Hello, React

Alright, so we have our application but it isn’t all that useful right now. Go head and clear the contents of the index.android.js and index.ios.js files, as we’ll be starting from scratch in order to better understand how the application works.

We’ll start off by importing some packages that we’ll need to get started. In each of the two index files, replace the current contents with the following:

import React, { Component } from 'react';
import {
    Text,
    AppRegistry
} from 'react-native';

React Native uses ES6, so if you’re unfamiliar with ES6 imports this may look a little unfamiliar to you, but it should be pretty straightforward. What we’re doing is importing React and Component from the react package, and Text and AppRegistry from the react-native package.

With the imports in place, we can go ahead and define our ReactCalculator component. A component is essentially a view, that can contain subviews and sub-components. Defining our root ReactCalculator component looks like so:

class ReactCalculator extends Component {

    render() {
        return (
            <Text>Hello, React!</Text>
        )
    }

}

ReactCalculator subclasses the Component class, and overrides the render function to render it’s UI. For now, we are rendering a simple Hello, React! text label, but this render function will grow and become more complex soon enough.

Finally, before we can run the application again, we need to register ReactCalculator with the AppRegistry that we imported above. I won’t go into much detail with the AppRegistry in this tutorial, because you generally only need to register your root Component, so for now we can just set it and forget it:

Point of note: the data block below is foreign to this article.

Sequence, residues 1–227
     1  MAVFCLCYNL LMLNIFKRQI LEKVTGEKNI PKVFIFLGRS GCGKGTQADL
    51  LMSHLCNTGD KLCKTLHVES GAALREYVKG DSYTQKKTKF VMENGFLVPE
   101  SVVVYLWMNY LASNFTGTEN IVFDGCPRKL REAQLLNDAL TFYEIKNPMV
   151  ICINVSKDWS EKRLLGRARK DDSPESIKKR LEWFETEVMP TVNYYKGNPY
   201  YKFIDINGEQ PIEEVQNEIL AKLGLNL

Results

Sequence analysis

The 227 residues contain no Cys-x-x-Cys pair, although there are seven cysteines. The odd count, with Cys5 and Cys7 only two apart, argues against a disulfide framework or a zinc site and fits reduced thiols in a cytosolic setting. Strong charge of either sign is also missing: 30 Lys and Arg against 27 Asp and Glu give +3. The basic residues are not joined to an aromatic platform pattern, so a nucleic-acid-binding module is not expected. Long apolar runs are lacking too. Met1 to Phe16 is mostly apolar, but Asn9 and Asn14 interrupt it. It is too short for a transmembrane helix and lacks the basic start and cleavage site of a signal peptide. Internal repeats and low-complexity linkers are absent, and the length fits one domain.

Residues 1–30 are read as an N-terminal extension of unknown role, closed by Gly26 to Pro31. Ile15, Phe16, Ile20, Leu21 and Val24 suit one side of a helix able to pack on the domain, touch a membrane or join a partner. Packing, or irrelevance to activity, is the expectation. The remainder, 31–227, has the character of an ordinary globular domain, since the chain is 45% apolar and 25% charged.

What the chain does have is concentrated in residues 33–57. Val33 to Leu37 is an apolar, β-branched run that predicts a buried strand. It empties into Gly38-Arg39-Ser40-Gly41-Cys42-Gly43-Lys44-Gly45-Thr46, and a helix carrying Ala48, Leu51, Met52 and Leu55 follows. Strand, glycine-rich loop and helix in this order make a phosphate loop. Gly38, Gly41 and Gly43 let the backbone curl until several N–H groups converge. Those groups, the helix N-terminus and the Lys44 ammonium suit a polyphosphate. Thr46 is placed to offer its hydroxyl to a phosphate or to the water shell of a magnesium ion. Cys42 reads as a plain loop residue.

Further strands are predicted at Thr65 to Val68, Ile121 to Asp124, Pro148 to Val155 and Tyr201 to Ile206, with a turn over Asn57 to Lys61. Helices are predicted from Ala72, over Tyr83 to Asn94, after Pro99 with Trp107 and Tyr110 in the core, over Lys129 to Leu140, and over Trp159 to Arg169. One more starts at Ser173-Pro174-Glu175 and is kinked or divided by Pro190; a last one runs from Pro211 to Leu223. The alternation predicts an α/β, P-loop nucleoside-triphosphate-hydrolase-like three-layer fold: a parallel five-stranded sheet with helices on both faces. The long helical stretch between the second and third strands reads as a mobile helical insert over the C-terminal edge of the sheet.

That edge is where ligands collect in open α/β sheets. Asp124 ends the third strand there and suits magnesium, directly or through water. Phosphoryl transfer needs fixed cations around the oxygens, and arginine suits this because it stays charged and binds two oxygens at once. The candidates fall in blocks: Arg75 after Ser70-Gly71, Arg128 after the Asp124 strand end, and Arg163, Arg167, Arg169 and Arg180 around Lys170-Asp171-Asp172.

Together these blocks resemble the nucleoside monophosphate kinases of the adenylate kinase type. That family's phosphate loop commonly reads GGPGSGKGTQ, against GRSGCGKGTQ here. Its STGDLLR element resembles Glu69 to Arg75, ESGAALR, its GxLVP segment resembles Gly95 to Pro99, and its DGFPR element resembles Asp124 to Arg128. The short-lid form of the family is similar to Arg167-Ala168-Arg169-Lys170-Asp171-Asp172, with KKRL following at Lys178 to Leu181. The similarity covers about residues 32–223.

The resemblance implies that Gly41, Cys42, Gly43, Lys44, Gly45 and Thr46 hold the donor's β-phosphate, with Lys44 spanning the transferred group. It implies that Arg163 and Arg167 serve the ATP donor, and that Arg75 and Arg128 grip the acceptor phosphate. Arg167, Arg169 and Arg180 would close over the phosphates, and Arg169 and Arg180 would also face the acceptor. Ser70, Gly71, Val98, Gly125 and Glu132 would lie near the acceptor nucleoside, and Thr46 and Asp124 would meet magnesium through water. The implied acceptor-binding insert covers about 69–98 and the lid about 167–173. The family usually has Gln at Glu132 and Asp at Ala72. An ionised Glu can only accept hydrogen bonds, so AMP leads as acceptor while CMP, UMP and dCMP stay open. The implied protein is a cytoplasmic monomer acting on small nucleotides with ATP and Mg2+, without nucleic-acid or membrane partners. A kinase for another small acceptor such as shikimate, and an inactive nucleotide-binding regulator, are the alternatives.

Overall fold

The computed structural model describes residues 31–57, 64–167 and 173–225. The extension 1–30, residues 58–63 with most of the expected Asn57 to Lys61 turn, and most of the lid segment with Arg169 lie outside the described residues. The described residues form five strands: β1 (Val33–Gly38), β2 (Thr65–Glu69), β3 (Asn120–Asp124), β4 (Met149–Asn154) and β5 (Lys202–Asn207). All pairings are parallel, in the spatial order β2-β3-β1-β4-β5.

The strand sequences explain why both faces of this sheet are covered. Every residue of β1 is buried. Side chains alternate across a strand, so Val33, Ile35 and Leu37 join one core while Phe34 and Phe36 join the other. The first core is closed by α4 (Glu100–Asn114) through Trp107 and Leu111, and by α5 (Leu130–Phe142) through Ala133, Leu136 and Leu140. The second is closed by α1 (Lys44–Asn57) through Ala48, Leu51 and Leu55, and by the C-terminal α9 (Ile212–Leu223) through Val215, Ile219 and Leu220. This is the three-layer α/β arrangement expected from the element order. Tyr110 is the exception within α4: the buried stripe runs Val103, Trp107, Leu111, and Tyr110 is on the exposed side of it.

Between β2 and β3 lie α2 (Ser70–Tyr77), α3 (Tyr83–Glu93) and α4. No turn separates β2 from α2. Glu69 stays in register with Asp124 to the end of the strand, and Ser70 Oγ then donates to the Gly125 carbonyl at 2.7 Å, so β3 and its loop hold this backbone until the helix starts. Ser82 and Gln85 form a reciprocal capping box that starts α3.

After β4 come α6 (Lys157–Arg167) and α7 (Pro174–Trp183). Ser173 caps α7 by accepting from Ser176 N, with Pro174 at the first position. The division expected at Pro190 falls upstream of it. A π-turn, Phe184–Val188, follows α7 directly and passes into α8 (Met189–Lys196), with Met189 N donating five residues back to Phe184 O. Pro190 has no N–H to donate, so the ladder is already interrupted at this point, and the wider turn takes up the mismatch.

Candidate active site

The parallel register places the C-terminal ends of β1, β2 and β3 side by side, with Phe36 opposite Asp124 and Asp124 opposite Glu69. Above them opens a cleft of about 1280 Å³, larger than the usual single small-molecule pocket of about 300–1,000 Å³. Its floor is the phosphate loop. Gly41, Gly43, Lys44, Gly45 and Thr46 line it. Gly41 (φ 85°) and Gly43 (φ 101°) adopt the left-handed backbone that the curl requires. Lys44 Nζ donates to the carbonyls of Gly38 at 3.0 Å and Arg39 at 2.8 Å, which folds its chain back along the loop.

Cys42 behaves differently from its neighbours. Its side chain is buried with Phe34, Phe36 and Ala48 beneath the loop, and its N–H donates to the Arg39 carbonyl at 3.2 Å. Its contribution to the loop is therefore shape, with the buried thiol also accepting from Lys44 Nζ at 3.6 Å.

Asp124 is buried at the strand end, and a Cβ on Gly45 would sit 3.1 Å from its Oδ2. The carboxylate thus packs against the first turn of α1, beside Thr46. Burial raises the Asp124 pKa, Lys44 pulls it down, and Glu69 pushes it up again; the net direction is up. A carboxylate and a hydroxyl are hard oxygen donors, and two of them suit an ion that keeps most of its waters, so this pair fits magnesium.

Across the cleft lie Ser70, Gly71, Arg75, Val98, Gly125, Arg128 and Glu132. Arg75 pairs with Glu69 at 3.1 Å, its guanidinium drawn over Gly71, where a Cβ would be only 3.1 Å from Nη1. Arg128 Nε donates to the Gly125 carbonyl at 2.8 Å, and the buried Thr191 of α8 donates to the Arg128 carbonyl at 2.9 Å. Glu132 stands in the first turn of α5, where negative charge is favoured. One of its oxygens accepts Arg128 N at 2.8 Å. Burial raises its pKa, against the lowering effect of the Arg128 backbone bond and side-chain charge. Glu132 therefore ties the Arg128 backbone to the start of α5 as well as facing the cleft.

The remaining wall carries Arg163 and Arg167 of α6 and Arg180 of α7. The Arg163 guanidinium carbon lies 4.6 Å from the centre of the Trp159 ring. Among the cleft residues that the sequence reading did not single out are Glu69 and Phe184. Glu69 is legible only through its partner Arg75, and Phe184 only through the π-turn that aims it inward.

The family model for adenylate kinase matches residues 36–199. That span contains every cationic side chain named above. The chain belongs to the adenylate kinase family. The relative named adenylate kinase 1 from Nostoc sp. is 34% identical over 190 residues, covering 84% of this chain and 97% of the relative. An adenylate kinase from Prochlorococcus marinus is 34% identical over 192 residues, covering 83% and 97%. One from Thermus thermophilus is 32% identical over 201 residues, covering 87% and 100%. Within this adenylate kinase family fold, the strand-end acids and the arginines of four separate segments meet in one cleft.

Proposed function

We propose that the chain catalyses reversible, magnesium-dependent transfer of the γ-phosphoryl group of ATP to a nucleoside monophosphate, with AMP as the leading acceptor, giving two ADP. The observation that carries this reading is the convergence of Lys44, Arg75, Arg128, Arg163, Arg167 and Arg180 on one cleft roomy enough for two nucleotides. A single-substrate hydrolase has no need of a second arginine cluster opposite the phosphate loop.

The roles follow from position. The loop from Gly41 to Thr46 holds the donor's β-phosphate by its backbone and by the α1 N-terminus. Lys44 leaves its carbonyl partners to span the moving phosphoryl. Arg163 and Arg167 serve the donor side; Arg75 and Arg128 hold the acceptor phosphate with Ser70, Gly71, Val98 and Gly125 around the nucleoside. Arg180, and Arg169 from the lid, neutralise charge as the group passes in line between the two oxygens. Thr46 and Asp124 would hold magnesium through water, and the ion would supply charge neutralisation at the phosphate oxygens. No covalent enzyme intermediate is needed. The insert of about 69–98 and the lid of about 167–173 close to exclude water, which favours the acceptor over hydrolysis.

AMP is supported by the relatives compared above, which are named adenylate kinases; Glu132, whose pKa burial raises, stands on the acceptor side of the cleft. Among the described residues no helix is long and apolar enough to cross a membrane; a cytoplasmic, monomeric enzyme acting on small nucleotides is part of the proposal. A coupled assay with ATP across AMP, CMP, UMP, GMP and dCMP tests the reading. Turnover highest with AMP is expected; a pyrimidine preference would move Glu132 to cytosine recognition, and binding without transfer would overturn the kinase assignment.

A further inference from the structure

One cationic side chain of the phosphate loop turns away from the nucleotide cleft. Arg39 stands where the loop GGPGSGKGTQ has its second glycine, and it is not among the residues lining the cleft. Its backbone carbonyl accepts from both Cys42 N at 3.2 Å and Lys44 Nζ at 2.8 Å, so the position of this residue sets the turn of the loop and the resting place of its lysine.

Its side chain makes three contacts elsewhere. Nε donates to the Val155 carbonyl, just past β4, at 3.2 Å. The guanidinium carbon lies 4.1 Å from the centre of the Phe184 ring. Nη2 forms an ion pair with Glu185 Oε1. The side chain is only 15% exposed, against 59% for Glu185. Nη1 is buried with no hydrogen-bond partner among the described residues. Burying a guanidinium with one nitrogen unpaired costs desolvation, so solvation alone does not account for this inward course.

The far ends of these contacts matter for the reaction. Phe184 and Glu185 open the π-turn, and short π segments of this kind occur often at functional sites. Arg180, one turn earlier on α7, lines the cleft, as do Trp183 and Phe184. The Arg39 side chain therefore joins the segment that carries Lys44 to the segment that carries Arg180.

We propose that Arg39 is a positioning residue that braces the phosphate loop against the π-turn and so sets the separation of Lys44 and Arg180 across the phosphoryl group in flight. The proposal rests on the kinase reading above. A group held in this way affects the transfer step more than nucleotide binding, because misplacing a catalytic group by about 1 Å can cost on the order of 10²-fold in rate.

AppRegistry.registerComponent('ReactCalculator', () => ReactCalculator);

The reason we do this is so that the native Android and iOS code, which you can find in the aforementioned projects that react-native init created for us, are looking for the root component identified by ‘ReactCalculator’ on startup. The native code initializes the application with the registered component, and from then on we can stay mostly in the React Native codebase, and we no longer need to register any Component classes.

Alright, go ahead and run the application again and you should have a nice and ugly Hello, React! message on the screen:

Hello, React!

Reorganizing

Alright so we’ve written our first little React Native application, but it’s a really big pain that we have to duplicate the code in the index.android.js and index.ios.js files. Luckily, as mentioned above, we have the ability to import source code from other packages! Let’s create a new src/ directory, and a ReactCalculator.js file inside:

$ mkdir src
$ touch src/ReactCalculator.js

Let’s move the content of the index.android.js and index.ios.js files into the new ReactCalculator.js, so we no longer have duplicated code:

// src/ReactCalculator.js

import React, { Component } from 'react';
import {
    Text,
    AppRegistry
} from 'react-native';

class ReactCalculator extends Component {

    render() {
        return (
            <Text>Hello, React!</Text>
        )
    }

}

AppRegistry.registerComponent('ReactCalculator', () => ReactCalculator);

Now in our index.android.js and index.ios.js files, we simply need to import the ReactCalculator source code:

import ReactCalculator from './src/ReactCalculator';

Go head and re-run, and you should see the same Hello, React! message printed on your device. Now we can continue to develop our application without needing to duplicate every line of code.

In React Native, when you import a source file such as ReactCalculator.js or an asset such as an image, React Native will first check if there is a corresponding ReactCalculator.android.js or ReactCalculator.ios.js for the platform the code is running on, and import that instead. This allows you to have source files or assets that are specific to a certain platform. For our purposes today, we won’t be creating any platform specific functionality, so we will simply use .js extensions for our source files to indicate that the source code is the same for both platforms.

Conclusion

At this point we’ve got a clean React Native project setup, and we’re ready to start adding some real functionality into the app. Part 2 of the tutorial continues from here, where we’ll begin laying out our calculator app.

For Part 2 of the React Native tutorial, Click Here.

Let me know if this post was helpful on Twitter @kylewbanks or down below, and follow me to keep up with future posts!